Why "Dancing on the Edge" Is Such an Important Show

I fell in love with Lisa Channer watching her perform.

Well, Patrick and I both did (get your mind out of the gutter). We saw her work in progress during a Skewed Visions' 3-Play, and were amazed. A couple weeks later we talked to her for hours at a party and I swear int was a Minnesota version of a 1920s Paris salon, where we discussed life and art and felt exactly like we were in Gertrude Stein's living room, except we were on a deck on Maplewood.

So we thought she was awesome, and based on that Patrick joined the Theatre Novi Most board, and I help out as I can, and it's been a great relationship. I've really enjoyed everything I have seen there; the performances have been top rate, great direction, and it's been like being part of a lovely, somewhat crazy, Russian family (pass the vodka, please!)

And then Beatrix got cast as one of the "Isadorables" ....
(one of Isadora Duncan's Russian dance students) in a 5-minute their word premiere of Dancing on the Edge, about the relationship between Isadora Duncan and Sergei Esgenin.

So I knew this show would be wonderful for many reasons. The design team was amazing and crew were amazing. I knew the production, which has been a long time in development, would be greta. And of course, with my kid in it, how could it go wrong?

But I simply was under-prepared in so many ways for the effect this show would have on me.

For Lisa, on stage in this role, and embodying it completely and wholly. For the other cast members, who were almost as transcendent in their performances.

For a script that wrapped me up so completely that I can't stop thinking about it and what is says about communication, and relationships, and world politics, and the past, and the future. I can't even do it justice in writing about it. Buy me a glass of wine and we can discuss it. There's so much to unpack.

For audience members that threw themselves into going on the journey. It's not an easy show to follow — much of it is in Russian, with no translation. But that gripped the audience, held them hard, told the story in a way that it could not otherwise have achieved.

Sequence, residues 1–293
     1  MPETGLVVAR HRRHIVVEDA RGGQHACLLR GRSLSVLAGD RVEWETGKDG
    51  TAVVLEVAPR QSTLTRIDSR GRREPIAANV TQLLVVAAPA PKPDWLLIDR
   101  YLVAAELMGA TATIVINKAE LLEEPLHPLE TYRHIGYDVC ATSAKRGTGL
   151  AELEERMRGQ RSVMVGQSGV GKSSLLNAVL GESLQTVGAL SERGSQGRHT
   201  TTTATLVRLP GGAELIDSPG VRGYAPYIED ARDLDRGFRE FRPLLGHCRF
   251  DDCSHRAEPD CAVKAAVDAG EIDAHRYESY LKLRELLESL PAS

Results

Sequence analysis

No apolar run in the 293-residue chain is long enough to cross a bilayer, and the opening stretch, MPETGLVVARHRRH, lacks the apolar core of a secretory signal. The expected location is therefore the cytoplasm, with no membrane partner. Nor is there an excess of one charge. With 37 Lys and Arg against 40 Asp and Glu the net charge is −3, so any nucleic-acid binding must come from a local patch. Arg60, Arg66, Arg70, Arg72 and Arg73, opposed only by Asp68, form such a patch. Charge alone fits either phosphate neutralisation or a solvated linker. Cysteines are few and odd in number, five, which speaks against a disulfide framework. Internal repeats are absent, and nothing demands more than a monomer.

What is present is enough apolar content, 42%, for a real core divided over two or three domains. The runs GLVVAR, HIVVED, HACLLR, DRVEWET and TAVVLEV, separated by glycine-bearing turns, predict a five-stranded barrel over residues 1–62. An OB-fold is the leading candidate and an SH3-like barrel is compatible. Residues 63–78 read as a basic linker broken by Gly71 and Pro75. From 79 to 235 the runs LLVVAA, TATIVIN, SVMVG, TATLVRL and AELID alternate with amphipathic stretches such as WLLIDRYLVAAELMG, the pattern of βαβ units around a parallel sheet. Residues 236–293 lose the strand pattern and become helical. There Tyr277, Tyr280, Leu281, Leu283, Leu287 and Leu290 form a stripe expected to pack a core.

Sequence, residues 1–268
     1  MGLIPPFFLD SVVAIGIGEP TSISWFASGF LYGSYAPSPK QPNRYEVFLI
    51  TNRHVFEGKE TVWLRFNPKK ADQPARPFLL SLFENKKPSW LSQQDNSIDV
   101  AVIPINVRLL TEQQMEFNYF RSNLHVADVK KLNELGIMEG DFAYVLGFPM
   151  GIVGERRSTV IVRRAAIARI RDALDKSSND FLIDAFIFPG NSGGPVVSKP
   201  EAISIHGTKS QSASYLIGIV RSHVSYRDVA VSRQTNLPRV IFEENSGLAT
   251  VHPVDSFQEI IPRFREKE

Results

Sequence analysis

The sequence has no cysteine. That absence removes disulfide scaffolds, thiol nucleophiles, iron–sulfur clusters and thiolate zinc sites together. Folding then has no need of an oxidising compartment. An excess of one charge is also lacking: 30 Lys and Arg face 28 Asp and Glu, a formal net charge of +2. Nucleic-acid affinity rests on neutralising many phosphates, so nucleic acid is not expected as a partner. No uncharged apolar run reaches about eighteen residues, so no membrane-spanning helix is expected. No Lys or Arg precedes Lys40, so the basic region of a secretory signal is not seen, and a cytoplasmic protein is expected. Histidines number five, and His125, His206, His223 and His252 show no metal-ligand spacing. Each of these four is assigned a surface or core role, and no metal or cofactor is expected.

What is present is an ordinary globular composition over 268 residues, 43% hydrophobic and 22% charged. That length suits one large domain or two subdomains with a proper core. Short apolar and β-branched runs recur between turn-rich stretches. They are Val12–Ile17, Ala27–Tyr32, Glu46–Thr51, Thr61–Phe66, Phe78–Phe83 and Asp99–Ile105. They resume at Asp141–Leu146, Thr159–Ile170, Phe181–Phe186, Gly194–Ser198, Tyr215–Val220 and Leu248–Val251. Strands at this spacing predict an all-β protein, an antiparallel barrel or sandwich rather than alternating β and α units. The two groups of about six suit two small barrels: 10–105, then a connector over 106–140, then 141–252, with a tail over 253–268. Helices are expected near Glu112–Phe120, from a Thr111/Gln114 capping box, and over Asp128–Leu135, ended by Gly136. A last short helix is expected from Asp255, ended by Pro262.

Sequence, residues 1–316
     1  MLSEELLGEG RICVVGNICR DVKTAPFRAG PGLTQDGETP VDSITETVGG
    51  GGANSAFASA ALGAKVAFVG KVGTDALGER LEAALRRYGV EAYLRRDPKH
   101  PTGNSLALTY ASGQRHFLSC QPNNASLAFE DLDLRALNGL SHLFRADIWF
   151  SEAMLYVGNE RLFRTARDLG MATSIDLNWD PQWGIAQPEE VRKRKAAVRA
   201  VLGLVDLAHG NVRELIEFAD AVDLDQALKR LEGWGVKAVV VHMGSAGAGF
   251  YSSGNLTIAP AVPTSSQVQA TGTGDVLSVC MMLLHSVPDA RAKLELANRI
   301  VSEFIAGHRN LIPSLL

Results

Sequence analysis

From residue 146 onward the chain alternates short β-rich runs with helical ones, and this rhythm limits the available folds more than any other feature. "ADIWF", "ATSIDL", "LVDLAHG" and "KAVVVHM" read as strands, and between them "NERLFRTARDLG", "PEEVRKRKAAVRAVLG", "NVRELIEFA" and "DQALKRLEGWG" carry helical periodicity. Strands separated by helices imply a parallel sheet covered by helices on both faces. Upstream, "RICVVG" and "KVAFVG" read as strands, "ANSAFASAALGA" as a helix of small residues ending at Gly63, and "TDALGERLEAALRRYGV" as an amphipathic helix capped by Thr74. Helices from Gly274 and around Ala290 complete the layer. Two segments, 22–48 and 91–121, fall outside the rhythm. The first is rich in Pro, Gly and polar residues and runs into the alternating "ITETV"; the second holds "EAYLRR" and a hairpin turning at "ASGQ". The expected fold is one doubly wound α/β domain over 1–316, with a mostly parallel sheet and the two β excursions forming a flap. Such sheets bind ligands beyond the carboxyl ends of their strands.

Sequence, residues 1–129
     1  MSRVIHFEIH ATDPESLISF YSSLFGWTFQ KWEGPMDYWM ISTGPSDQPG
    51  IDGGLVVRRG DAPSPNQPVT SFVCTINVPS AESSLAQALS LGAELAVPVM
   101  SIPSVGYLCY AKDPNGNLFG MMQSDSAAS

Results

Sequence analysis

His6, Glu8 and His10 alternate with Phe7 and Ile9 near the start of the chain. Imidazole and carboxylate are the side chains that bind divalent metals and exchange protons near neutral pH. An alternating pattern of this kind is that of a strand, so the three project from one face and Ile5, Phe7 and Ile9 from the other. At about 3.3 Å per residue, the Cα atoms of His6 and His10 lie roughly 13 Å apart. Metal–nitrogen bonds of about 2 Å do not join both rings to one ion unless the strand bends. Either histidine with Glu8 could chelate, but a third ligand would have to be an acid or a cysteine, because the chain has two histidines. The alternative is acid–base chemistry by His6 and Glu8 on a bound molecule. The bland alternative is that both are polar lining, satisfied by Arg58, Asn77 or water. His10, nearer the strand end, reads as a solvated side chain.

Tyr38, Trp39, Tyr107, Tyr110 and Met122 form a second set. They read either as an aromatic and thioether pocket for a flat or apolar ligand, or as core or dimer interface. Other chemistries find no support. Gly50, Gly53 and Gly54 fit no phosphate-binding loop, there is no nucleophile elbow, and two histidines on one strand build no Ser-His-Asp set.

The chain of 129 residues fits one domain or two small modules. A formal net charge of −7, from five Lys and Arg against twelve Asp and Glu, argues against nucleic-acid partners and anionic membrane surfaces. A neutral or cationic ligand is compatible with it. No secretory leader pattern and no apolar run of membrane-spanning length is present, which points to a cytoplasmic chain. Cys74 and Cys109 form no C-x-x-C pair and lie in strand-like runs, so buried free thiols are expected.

For the dancers, and the chance it gave Beatrix. I saw her grow and learn to love theatre and the community it creates in the past week, and I could not be prouder or more grateful. For the way they are needed in this show, which is a very heavy contemplation on art and life and relationships; without the final scene, where these girls give hope for the future, we would be left with only the tragic destinies of Duncan and Esgenin. And we all need hope right now. Sure I love it because my daughter was in it, but it's one of the most effective endings I have ever seen.

For me. I saw at least part of the show every night. It's been a long time since I have spent that much time with a play. It was incredible to me to watch every night, to note the changes made while elements are added or forgotten, to watch the interactions with the audience. It was  much-needed reminder of the living nature of theatre and why we need it.

If you were able to get a ticket to the sold-out shows, I'm glad you were there. If you were not, I'm still trying to figure out how it gains further life, so maybe you can. In either case, I would love to talk to you about all the things the show means — oh, and also to say again how ridiculously proud of my daughter I am.


Lisa said…
This is so lovely. I'm so fortunate you both were on that maplewood deck with me :)
Beatrix was transcendent. I thank you for her and for so much more. wine and chatting soon about life and art.
Hug, Lisa

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